Thus, in the team meetings, all of the professionals are freed to help the clients uncover their most important interests and creatively brainstorm and problem-solve resolutions to satisfy those interests. Collaborative teams are able to address not just the legal and financial issues implicated in a divorce case, but also the emotional issues.
So how do these two movements relate? The Inns of Court, above all else, promote relationships between attorneys because incivility toward someone you know and with whom you have dined is difficult. Collaborative practice relies on close relationships between lawyers. In fact, many of my cases are referred to me by “the opposing counsel.”
“What?!” you ask. “How can that be?!” you demand.
If you can appreciate how close the relationships between Inn members develop over time you can perhaps understand how this might happen. A lawyer commencing a collaborative matter, if he has the opportunity to recommend counsel for the other spouse, which he often will, is most likely to recommend someone with whom he has worked before, whom he trusts, and whom he believes has a high success rate in his collaborative matters. After all, in this process if the “opposing counsel” is successful, so is the referring counsel!
And imagine how much closer those relationships between collaborative lawyers grow over time, as we work through our clients’ issues, as we rely on each other to help our clients talk to each other (which they often haven’t done for a very long time), and as we trust each other to cover our backs in the crucial conversations, brainstorming, problem-solving, and selection of options.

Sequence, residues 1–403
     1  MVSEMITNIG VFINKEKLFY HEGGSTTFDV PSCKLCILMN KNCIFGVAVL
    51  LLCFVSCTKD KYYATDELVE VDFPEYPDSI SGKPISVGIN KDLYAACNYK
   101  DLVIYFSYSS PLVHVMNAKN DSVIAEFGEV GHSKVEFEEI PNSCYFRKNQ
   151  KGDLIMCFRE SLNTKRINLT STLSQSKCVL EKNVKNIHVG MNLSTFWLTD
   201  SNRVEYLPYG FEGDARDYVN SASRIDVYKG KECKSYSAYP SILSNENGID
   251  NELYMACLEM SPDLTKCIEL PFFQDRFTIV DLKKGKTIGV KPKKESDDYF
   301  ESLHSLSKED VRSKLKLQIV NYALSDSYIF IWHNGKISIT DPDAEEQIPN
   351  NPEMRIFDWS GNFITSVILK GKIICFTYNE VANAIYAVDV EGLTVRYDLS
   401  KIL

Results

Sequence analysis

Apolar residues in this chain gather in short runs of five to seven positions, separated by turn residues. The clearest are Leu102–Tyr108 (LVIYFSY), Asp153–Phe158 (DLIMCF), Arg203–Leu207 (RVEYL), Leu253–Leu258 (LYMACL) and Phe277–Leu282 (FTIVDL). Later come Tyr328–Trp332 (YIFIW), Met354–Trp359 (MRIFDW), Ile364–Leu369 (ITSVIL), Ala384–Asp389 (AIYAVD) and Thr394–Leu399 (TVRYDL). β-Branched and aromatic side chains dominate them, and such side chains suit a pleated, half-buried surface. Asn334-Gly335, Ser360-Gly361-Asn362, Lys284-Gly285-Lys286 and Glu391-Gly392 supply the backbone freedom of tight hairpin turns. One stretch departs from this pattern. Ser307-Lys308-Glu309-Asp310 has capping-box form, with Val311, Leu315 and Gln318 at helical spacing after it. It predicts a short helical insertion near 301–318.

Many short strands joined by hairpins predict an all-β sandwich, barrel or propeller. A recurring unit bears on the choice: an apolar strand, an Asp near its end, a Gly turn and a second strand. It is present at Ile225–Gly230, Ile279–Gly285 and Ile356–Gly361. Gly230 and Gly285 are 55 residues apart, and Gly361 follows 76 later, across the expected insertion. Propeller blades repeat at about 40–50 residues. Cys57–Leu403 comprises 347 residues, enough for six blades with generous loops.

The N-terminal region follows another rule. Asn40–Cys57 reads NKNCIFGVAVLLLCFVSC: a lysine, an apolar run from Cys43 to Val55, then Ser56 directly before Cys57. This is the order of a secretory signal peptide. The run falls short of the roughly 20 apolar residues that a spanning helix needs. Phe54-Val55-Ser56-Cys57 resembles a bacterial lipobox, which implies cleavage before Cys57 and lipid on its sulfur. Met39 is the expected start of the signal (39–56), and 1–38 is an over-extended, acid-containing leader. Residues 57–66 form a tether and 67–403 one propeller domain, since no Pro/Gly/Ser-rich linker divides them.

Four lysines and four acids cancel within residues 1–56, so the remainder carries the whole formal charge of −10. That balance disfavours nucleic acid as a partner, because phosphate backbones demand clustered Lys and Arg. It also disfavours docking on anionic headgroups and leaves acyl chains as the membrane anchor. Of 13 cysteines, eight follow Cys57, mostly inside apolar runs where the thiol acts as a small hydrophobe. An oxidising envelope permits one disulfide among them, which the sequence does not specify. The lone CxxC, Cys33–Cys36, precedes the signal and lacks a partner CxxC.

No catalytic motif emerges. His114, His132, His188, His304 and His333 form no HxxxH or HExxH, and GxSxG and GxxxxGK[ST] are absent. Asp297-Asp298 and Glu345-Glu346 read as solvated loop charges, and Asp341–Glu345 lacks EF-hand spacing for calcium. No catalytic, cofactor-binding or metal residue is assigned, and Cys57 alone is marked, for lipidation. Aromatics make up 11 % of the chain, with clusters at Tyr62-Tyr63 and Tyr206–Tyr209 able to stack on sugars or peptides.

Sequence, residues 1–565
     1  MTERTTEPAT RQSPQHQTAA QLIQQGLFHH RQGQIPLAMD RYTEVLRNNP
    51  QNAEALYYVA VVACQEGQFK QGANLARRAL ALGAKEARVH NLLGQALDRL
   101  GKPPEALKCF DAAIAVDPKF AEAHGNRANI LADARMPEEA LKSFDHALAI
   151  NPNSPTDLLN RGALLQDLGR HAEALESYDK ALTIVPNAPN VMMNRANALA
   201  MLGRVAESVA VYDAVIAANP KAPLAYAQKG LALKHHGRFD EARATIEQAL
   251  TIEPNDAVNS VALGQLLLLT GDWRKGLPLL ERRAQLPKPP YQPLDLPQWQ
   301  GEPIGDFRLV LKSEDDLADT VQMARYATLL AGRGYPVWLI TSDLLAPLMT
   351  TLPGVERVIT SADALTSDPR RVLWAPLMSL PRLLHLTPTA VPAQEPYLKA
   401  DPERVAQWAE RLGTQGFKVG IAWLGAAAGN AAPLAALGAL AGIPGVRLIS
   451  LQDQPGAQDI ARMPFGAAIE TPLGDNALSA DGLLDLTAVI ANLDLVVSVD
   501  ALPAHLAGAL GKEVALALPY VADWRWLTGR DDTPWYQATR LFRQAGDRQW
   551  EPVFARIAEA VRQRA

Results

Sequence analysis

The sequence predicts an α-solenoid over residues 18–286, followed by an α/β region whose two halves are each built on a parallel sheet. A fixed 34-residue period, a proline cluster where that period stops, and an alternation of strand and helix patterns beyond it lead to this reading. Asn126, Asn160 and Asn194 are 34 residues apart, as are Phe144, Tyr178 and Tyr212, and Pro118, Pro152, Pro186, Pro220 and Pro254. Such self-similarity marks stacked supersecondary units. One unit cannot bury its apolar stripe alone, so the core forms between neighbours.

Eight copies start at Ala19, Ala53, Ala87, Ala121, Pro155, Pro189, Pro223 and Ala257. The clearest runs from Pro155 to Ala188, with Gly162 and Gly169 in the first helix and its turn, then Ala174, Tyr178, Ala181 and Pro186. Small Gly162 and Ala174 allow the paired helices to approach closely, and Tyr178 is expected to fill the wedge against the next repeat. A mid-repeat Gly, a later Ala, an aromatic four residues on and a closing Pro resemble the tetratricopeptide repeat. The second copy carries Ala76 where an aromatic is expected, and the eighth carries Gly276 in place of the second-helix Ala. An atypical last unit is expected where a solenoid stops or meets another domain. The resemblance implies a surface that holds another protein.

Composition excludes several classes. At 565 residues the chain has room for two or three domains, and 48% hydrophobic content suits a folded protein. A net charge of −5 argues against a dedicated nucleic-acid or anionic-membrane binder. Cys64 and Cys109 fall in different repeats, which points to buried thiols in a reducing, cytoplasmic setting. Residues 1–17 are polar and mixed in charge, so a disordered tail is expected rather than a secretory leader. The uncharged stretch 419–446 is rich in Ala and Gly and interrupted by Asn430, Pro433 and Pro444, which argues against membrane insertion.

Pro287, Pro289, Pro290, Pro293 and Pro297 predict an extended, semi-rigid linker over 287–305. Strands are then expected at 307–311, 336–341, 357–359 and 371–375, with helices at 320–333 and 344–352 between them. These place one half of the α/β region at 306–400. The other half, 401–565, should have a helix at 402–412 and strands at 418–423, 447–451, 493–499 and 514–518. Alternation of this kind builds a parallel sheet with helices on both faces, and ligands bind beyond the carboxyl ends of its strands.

One of the biggest issues currently facing family law practitioners is that “to a hammer, everything is a nail.” That is to say that to a lawyer, everything should go to court. But it should not. Families don’t belong in court, and professionalism and ethics require that family lawyers offer our clients all the alternate dispute resolution mechanisms, including the newest one: the collaborative process. The law should be a family’s last resort.
Now, don’t misunderstand me. Collaborative practice is not just for families. It has been used to resolve other types of legal and financial disputes. For example, the emotions involved in the dissolution of a business, especially a small, family-run business or a partnership between two close friends, are often similar to those in the dissolution of a marriage. Similarly, consider the issues and emotions that boil up when a family is involved in a probate dispute.
The collaborative process has been used to resolve sexual harassment/retaliation claims.
It has also been used to resolve a clash between the contractor and the homeowner over proper construction of a house.
It is easy to see why parties involved in any of these types of matters could benefit from the assistance of a collaborative team comprised of their attorneys, a financial neutral, a facilitative mental health professional, and any other neutral experts chosen by the team to problem-solve a specific dispute.
The ideals driving the collaborative divorce movement and the American Inns of Court crusade travel hand-in-hand. One key aspect of the Inns is the idea that members regularly “break bread” together. People have a more difficult time being rude to or betraying those with whom they share meals. Collaborative teams integrate this approach by offering sandwiches and snacks during full team meetings, as well as during the celebratory signing meeting. In fact, many collaborative cases begin with the professionals meeting together to share a meal and discuss the clients, the potential issues, and the proposed protocols for the case.
Another vital element of the Inns is that more experienced attorneys mentor those who are less practiced. In litigation, opposing counsels battle against one another, with the more seasoned attorneys often taking advantage of the inexperience of younger attorneys. But in the collaborative setting, team members work together, allowing for an environment in which all professionals learn from one another and grow professionally.